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Michael has been a business journalist for 12 years. He has extensive experience editing magazines covering funds management, commercial property and the travel industry. In 2011 he won a Citi Excellence in Financial Journalism award for a BRW cover story on economic indicators.

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How to sell 40,000 tickets to ice hockey . . . in Australia

Published 10 July 2013 11:31, Updated 11 July 2013 15:55

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How to sell 40,000 tickets to ice hockey . . . in Australia

Promoter Craig Douglas (left) presents the series trophy to ‘Canada’ captain Kyle Quincey, alongside tour manager Kerry Goulet.

The sport of ice hockey is far from mainstream in sunny Australia – there are only 1800 registered players – yet promoter Craig Douglas has just managed to sell out Sydney’s Allphones Arena once and Melbourne’s Hisense Arena twice for three USA versus Canada exhibition games.

Douglas has form in taking American sports beyond the fringe, working with Fleshwound Films to build the Crusty Demons motorbike daredevil franchise in Australia and New Zealand.

The American-born, Kiwi-raised Douglas says he saw a short clip of ice hockey on television about six years ago, and it occurred to him that the sport could resonate with rugby-loving audiences.

“The athletes in ice hockey and rugby are similar – it’s kind of like taking your national sport and putting skates on it,” says Kerry Goulet, a veteran of the German ice hockey league whom Douglas hired as tour manager for the three June games.

“There’s a following for extreme sports in this part of the world and that’s ice hockey - guys putting blades on their skates and travelling around at 30 miles an hour.”

Goulet has become a campaigner for greater awareness of the dangers of concussion, and this good cause helped him attract several top players from North America’s National Hockey League (NHL) to tour Australia during the off-season.

Kyle Quincey from the Detroit Red Wings captained Canada, and Zenon Konopka from the Minnesota Wild captained the US.

Douglas started a below-the-line promotional campaign for the tour last November, approaching the Canadian embassy and getting a list of the “tens of thousands” of Canadians living in Australia.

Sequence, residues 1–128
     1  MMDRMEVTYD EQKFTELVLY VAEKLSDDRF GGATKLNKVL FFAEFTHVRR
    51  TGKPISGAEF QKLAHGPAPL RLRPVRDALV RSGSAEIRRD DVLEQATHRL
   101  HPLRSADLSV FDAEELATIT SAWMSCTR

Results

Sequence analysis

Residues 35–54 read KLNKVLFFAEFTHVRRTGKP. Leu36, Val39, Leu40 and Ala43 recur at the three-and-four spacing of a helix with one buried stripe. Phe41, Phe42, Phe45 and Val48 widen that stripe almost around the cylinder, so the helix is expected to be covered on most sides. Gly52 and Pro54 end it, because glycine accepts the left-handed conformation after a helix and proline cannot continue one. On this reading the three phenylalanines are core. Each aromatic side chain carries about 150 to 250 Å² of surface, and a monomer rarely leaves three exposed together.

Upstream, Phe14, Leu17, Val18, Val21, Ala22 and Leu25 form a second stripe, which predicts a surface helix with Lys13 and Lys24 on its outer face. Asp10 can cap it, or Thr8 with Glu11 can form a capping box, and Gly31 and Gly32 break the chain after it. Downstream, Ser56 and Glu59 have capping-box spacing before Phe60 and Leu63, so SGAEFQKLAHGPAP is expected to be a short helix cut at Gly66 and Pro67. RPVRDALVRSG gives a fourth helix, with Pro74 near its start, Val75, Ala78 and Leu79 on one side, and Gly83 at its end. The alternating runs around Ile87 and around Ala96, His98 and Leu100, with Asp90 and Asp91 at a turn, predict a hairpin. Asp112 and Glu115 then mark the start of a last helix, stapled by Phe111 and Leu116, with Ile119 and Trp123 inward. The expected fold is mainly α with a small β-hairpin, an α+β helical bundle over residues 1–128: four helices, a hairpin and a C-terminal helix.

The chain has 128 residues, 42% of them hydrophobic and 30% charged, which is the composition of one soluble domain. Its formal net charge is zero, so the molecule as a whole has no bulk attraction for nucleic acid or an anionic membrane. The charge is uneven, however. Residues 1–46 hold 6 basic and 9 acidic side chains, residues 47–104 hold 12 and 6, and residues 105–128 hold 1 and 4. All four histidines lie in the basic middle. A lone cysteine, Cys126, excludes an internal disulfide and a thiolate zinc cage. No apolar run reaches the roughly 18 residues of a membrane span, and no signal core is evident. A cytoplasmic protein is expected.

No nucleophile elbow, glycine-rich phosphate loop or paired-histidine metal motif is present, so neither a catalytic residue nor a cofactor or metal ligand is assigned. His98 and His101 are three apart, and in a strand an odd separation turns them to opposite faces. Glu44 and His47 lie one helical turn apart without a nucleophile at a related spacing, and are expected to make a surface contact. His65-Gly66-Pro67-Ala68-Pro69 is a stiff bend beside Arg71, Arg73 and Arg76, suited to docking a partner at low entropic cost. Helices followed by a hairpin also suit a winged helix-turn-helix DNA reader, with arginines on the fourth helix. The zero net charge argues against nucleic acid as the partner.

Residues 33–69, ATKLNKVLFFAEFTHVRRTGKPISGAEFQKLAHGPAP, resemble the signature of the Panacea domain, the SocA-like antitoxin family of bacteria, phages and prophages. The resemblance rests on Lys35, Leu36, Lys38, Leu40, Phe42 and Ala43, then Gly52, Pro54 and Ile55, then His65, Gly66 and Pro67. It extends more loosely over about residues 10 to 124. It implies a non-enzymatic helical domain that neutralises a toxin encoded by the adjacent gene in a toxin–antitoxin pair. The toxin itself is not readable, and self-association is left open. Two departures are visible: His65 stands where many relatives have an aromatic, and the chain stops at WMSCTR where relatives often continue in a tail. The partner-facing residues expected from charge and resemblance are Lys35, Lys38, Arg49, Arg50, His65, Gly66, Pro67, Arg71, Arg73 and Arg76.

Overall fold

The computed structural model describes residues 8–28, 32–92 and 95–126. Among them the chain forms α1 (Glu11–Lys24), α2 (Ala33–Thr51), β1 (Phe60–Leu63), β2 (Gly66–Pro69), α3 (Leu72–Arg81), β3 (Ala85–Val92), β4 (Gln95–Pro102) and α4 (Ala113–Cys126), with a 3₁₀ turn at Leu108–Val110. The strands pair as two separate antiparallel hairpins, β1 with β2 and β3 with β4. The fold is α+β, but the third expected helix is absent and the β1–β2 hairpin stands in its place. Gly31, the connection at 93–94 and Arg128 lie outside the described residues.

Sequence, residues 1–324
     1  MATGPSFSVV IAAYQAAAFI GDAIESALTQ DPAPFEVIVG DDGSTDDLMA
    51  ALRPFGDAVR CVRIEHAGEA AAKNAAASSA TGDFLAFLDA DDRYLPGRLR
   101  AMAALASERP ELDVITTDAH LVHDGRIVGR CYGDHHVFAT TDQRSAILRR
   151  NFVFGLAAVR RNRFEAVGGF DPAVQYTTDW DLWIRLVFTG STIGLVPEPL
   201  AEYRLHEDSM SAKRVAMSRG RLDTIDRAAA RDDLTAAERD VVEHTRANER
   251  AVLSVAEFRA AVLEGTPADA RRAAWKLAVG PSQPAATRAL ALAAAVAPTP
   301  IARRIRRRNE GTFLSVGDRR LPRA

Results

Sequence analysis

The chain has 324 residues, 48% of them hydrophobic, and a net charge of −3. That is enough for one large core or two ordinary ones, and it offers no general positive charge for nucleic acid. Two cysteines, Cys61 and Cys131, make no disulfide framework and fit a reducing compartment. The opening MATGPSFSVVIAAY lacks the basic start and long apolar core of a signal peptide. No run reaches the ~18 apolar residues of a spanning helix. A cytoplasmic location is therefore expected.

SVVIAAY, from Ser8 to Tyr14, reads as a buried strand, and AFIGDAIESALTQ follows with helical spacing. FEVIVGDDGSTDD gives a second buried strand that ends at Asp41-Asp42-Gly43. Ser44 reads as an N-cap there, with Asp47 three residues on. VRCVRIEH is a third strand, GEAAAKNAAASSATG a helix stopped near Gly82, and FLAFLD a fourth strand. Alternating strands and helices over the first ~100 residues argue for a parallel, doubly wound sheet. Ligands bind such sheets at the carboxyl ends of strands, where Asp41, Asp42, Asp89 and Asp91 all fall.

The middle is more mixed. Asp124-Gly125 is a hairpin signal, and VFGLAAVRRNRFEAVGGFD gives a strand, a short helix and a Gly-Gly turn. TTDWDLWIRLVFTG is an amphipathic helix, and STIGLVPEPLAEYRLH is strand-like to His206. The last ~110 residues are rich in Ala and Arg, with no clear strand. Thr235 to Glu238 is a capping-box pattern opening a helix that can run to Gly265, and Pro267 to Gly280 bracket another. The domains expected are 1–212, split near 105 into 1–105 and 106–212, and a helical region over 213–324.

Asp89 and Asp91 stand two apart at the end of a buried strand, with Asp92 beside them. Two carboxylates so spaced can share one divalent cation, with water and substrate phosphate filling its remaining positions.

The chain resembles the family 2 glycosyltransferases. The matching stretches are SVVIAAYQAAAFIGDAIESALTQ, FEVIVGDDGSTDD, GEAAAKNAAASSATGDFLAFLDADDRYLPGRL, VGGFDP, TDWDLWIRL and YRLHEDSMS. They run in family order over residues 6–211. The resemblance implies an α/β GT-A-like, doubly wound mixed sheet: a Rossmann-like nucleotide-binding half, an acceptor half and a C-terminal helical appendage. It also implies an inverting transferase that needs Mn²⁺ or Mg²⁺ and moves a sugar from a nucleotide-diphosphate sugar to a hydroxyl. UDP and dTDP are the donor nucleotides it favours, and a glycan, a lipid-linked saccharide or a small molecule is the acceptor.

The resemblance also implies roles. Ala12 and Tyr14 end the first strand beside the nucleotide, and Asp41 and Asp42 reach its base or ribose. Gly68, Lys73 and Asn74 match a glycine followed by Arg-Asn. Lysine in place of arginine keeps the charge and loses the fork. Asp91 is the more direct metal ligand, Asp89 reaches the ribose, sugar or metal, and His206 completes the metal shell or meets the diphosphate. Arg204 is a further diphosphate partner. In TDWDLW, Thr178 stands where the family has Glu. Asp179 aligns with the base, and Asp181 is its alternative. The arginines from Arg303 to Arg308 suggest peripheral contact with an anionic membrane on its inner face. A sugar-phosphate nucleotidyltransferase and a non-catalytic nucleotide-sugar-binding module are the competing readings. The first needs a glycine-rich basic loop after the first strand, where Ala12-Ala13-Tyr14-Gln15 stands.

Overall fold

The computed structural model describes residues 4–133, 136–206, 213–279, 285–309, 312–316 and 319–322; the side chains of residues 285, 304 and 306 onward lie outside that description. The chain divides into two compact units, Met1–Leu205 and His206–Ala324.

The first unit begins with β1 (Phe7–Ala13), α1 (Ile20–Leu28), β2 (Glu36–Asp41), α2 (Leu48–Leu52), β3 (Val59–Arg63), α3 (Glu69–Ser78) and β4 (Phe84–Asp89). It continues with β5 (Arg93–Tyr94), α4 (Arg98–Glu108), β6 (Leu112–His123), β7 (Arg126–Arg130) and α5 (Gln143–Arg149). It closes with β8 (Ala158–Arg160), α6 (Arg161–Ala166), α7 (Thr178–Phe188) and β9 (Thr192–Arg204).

“I also knew that Ice Hockey Australia has 1800 current playing members, they’ve got friends and family, so I always knew that would account for about 5000 ticket sales,” he says.

Direct marketing meant he had sold about 60 per cent of the tickets before the above-the-line TV, print and radio campaign commenced in February.

“There are a lot of Canadians in Australia who are passionate about ice hockey but haven’t seen a live game in a long time,” he says.

Not just for North Americans

Douglas admits it was mostly expatriate Canadians and Americans who filled the 9000-capacity Hisense Arena twice and the 20,338-capacity Allphones Arena on the Saturday night of June 22.

However, he insists there was a “curiosity about the gladiatorial aspects” of ice hockey from the wider public, which he plans to build on in a 2014 tour that’s already been launched.

Games in Perth and Brisbane will be added in 2014, the Melbourne games will graduate to the 14,500-capacity Rod Laver Arena, and Douglas will invest in a second portable ice rink.

Requiring “nine 40-foot containers” to transport, the portable rink was one of the biggest costs of presenting the 2013 series, but venue hire was by far the largest.

“For example, at Hisense, we dropped off our containers on Monday to begin packing in on Tuesday, in time for a game Friday night. So we had to rent the place for the whole week,” he says.

“Next door at Rod Laver Arena was Jesus Christ Superstar – a big production. Yet for their Saturday night show they packed in at six on that Saturday morning.”

Douglas says Sydney’s Allphones Arena “cost us roughly $50,000 a day to be there”, and the Nine Entertainment-owned, AEG Ogden-operated venue then takes “a big percentage of everything you turn over”.

At least the players did not cost as much as their counterparts from the National Basketball Association or Major League Baseball.

The star players did not charge appearance fees because of the concussion-awareness campaign behind the series, and Douglas confirms they were happy to fly in ‘premium economy’ rather than further up the planes.

“Ice hockey players tend to be down to earth, a lot of them have come out of farming communities, they’re closer to the fans than most baseballers or basketballers, who are often far removed,” Goulet says.

All in all, Douglas claims the 2013 series turned a small profit. He is even in talks with AEG Ogden about taking his “International Ice Hockey USA vs Canada” concept into China. AEG Ogden operates three venues with a total 68,000 capacity in the country. Douglas says the potential expansion to China is a three to four-year project.

A proportion of merchandise sales from the recent tour went to stopconcussions.com, a cause co-founded by Goulet and 15-year NHL veteran Keith Primeau, which educates about the danger of concussions and advocates ways to prevent them, particularly in junior sport. Quincey and Konopka are ambassadors for the cause.

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